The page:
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Abstain: "The Art of Racing in the Rain" by Garth Stein

I suspect that lots of people will buy, read, and assert that they thoroughly enjoyed The Art of Racing in the Rain by Garth Stein. Sadly, I am not one of those readers.

At the beginning, I had high hopes for this book. The title seemed magical. To accompany that magic, the novel is narrated by a dog named Enzo. And in fact the first 20 pages were great. As the book begins, Enzo has reached the end of his life (this alone had me misty-eyed at page eight) and he is telling the story of all that he has seen, experienced, and what he still hopes for. As he sets up the novel, Enzo has witty thoughts and an interesting narrative voice. Alas, the magic disappeared as the book went on.

What follows in the book is a good outline that doesn't get translated into a good story. Here is the outline: The canine narrator lives with aspiring race car driver Denny Swift in Seattle. He tells us how Denny meets Eve. The two marry and have a daughter, Zoe. Life is good until a crisis occurs: Eve gets sick. This puts the brakes on Denny's career. Will his career recover? Will Eve recover? Conflict arises between Denny and his in-laws. More conflict - is Denny making some missteps? Will Denny be happy and live out his dreams? And what of Zoe? In the step between developing these plot ideas and mapping it out, the skillful novelist's art of making magic, of drawing the reader into a a beautiful tapestry of words and story, does not happen.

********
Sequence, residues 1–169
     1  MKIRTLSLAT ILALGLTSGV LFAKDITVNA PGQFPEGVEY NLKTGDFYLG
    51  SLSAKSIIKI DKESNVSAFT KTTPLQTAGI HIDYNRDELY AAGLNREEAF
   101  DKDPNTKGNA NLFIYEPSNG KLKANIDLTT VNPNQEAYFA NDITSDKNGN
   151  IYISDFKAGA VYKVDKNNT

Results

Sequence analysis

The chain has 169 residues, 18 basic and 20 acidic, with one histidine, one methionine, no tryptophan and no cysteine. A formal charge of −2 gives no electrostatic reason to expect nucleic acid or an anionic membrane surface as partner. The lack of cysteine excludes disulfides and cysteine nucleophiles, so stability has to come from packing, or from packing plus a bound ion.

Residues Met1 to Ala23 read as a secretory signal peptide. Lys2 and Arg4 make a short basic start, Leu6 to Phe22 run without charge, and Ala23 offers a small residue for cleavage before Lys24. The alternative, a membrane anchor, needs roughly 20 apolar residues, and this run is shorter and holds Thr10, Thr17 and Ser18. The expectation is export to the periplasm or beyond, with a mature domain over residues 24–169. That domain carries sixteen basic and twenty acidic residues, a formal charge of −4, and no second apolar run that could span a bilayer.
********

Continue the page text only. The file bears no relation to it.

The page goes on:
Where can that magic be found? Anne Tyler's novels have it. Corelli's Mandolin by Louis De Bernieres was magical (if you haven't read it, please don't judge the book by the movie). While The Art of Racine in the Rain has some clever bits and interesting plot ideas, it didn't have the rich texture of a highly successful read.




There is magic in the two books below:









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